The advent of the feminist movement in the twentieth century made it possible for socially organized women to begin seeking for the recognition of their rights and the change of gender roles which were socially built. Women’s rights started to be recognized as a human right. However, criteria of race and class have always been relevant, and have provided privileged positions for white women in the pursuit and attainment of rights, while black women continue to be stigmatized, remaining in the base of the social pyramid. In this regard, this paper questions: What is the relation between feminism and the cultural manifestation of samba in Rio de Janeiro in the conquering of women’s emancipation these days? This study investigates the relationship between feminism and samba from the Discourse Analysis of the samba lyrics "Abayomi", composed by the women from the ÉPreta project, released in their album in 2017. It seeks to identify the knowledge about human rights produced from the emancipatory cultural processes led by black women samba singers, who use the samba sung and composed by them as a tool for emancipation in human rights and for democracy today. Monica Graciela Zoppi-Fontana’s work was used as a theoretical reference. In her studies, the author analyzes the discourse from the categories of the French matrix Discourse Analysis, but she adds the categories of gender and race, especially when discussing the place from where these women speak and how these bodies’ markers, gender and race, provide a determining context in their discourses.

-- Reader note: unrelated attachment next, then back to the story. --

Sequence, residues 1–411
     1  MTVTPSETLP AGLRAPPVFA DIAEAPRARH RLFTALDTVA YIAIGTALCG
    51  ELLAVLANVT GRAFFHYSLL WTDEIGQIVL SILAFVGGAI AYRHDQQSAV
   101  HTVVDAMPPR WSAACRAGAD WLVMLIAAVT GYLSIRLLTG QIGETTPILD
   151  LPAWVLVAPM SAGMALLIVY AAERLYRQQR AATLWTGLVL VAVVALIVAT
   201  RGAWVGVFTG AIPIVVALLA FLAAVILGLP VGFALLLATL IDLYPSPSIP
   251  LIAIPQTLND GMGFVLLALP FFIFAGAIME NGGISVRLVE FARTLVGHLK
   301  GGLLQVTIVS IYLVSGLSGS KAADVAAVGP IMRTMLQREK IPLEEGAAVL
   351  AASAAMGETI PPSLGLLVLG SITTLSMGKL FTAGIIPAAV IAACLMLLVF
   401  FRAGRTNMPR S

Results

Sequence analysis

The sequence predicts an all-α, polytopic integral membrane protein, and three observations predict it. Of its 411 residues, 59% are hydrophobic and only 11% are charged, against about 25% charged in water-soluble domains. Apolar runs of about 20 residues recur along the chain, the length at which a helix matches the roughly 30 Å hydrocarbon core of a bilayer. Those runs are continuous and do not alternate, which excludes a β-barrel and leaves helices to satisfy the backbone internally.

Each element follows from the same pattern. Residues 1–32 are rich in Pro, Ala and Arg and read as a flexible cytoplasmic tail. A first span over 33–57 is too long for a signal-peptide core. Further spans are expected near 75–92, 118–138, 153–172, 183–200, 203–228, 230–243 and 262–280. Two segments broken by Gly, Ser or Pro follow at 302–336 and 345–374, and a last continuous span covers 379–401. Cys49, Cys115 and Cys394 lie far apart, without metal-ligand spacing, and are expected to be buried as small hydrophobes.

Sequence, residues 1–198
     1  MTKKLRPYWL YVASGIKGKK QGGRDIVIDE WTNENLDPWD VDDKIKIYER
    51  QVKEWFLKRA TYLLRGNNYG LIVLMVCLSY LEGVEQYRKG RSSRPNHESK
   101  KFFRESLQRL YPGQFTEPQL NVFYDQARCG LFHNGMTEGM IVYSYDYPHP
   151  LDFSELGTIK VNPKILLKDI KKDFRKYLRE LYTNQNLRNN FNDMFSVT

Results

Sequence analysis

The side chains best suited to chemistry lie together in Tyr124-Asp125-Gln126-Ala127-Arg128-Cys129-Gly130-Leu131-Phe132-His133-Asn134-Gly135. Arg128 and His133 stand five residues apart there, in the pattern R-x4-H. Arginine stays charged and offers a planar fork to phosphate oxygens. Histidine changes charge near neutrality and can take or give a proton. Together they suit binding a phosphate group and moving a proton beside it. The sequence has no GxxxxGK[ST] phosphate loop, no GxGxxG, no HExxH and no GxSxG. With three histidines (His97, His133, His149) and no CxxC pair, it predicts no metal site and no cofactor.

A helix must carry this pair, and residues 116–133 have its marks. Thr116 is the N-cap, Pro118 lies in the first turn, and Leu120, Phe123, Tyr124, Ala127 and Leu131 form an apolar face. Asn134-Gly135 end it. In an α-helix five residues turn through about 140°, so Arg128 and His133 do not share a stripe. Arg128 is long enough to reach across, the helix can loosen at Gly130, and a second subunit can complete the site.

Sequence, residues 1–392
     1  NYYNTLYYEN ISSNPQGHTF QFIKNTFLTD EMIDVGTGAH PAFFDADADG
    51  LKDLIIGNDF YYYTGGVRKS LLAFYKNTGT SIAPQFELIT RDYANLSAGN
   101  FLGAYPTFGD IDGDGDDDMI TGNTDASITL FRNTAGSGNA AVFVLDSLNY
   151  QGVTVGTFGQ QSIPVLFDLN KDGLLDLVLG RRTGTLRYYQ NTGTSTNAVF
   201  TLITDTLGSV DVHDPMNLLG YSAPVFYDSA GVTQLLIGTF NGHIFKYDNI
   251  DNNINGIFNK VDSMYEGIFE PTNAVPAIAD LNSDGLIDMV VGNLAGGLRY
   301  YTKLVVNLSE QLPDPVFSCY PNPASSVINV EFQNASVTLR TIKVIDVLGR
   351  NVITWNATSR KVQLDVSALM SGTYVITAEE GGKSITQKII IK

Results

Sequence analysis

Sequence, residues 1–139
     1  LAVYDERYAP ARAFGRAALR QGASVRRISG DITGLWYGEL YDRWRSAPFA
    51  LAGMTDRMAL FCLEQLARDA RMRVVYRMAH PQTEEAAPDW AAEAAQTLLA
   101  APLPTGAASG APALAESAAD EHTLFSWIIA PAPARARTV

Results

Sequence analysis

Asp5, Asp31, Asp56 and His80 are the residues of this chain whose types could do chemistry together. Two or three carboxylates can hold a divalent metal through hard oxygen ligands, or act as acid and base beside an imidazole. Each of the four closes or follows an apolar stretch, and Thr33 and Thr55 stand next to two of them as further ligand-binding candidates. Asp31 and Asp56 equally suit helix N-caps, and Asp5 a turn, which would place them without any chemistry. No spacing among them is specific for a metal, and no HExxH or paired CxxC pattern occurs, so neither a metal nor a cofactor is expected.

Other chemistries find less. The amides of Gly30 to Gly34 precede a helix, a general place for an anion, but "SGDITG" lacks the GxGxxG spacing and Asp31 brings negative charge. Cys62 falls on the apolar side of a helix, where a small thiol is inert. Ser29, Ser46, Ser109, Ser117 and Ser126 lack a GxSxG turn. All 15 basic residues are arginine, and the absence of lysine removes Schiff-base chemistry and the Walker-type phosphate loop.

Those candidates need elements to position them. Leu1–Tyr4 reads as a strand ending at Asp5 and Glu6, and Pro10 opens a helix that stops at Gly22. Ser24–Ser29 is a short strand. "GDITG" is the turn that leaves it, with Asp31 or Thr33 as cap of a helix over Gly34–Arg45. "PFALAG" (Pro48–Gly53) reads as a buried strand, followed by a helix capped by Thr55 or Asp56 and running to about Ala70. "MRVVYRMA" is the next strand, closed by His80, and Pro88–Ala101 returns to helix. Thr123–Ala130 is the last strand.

Dürks Cassol, Paula
""Abayomi, we are the revolution": Women's Rights and Samba at Rio de Janeiro,"
Journal of International Women's Studies: Vol. 24:
1, Article 4.
Available at: https://vc.bridgew.edu/jiws/vol24/iss1/4